9

Some companies with a tight job market have learned the hard way that if they stall with candidates in the interview process, expect them to find a position with another company in the meantime. I've had to tell a number of companies that took too long in the interview process that I've found new employment elsewhere. It sounds to me they have already ...


13

I wouldn't consider what you described a "fast" interview. A one hour interview is usually enough to evaluate a candidates coding abilities. With a three hours coding test you are already in the same range as the big names in the industry. Amazon, Facebook etc .usually have 4 to 5 hours, but they also have soft skill interviews embedded, so that is just 2 ...


21

The speed is not necessarily a red-flag by itself. If you're concerned, do some research on the company and the position before you go. (This is a good idea no matter what of course) See if you can find out: How long this position has been open. If this is a role with high turnover. Are there reviews of the environment you can read, like on Glassdoor.com? ...


8

The other two answers suggest that either this is irrelevant, or that making the disclosure might imply that being close friends is somehow a bad thing. It's both relevant, and a fairly normal potential conflict of interest which should be disclosed. Any time there is a possibility that a relationship will unfairly or inappropriately affect an outcome, a ...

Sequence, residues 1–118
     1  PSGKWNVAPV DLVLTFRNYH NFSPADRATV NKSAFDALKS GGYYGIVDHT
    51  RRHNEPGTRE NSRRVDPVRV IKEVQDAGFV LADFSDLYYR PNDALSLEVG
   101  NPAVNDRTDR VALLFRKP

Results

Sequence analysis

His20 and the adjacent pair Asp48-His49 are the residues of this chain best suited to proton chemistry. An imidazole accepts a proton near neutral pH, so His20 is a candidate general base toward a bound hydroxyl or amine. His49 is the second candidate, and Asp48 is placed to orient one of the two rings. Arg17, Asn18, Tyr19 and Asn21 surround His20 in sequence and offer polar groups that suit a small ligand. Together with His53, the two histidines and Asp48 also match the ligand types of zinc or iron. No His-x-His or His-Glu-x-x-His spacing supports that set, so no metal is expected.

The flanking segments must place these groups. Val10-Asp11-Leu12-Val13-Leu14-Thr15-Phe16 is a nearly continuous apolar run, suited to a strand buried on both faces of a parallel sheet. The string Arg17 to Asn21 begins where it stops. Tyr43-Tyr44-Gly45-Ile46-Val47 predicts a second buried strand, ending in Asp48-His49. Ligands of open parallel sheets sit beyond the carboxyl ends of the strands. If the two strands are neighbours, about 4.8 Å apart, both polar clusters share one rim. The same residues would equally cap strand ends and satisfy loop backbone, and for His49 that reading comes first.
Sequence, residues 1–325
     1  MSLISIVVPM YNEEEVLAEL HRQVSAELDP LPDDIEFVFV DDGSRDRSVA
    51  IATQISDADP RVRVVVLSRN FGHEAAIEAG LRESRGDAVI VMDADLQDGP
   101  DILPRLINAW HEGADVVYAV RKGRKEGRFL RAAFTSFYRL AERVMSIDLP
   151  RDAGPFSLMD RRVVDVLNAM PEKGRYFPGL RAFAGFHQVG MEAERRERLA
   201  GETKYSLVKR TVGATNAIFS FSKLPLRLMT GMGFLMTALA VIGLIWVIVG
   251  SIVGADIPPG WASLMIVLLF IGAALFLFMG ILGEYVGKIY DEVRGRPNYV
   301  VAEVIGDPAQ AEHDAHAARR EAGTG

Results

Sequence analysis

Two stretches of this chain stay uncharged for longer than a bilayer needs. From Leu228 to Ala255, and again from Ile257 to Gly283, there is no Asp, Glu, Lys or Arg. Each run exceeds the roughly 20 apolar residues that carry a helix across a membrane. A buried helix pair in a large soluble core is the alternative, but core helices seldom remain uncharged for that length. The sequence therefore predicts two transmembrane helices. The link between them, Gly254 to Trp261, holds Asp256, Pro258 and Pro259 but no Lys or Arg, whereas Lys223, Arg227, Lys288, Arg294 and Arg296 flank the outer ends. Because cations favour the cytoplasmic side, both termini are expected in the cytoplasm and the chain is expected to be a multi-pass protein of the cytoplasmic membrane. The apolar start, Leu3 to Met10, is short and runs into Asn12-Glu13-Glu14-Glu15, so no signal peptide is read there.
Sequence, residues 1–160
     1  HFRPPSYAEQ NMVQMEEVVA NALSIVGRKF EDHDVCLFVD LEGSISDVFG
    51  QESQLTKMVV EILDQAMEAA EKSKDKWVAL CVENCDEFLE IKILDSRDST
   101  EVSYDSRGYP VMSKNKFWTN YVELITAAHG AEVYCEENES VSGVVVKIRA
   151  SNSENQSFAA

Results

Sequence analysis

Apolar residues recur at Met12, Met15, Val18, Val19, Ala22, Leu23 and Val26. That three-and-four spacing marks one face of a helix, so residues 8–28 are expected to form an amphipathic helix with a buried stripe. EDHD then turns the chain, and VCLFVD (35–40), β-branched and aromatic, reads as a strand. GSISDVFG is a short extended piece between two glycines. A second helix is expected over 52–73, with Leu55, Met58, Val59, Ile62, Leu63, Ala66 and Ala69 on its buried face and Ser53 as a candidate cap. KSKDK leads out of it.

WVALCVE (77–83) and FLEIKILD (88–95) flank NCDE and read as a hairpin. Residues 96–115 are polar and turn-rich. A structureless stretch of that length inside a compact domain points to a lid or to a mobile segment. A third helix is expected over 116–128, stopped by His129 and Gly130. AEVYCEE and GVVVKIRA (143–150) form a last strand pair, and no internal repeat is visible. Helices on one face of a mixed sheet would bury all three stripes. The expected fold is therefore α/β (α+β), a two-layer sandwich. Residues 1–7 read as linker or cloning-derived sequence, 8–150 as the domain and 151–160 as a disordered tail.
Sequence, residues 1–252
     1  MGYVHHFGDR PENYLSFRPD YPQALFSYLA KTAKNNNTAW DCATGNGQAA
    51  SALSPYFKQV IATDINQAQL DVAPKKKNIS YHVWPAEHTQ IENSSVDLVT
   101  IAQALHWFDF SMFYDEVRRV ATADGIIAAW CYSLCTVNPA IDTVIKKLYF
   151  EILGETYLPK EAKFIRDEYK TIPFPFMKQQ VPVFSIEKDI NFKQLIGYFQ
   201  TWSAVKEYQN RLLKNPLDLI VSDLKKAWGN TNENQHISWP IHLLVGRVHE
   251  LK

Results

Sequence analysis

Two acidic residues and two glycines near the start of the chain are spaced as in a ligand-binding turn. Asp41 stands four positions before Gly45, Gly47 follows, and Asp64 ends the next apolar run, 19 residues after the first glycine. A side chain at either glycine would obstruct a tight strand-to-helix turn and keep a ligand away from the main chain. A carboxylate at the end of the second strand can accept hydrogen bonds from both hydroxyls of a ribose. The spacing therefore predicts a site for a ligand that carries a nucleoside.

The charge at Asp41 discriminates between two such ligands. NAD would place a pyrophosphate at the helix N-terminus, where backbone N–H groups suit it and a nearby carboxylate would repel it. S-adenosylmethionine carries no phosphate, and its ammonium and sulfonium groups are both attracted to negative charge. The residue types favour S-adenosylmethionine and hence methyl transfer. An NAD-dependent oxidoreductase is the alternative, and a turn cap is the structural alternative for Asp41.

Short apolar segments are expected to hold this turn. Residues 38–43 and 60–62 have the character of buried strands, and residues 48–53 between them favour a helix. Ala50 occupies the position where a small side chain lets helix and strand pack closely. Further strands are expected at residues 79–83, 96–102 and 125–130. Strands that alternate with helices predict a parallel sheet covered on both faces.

5

Before the process should I disclose this to anyone in the company or at college? Or should I do it during the interview so as to not cause any partiality in the selection process? Tell them it if they ask you. Otherwise I don't see the need to "disclose" such information. Framing it like that seems like you two being friends were a bad thing (which is not)...


8

This is really up to your friend and his/her ability to be impartial in the process. Have you talked to your friend on if the other interviewers know of your relationship? It's up to your friend to recuse themselves from at least your interview if they feel it is necessary. Or should I do it during the interview so as to not cause any partiality in ...


3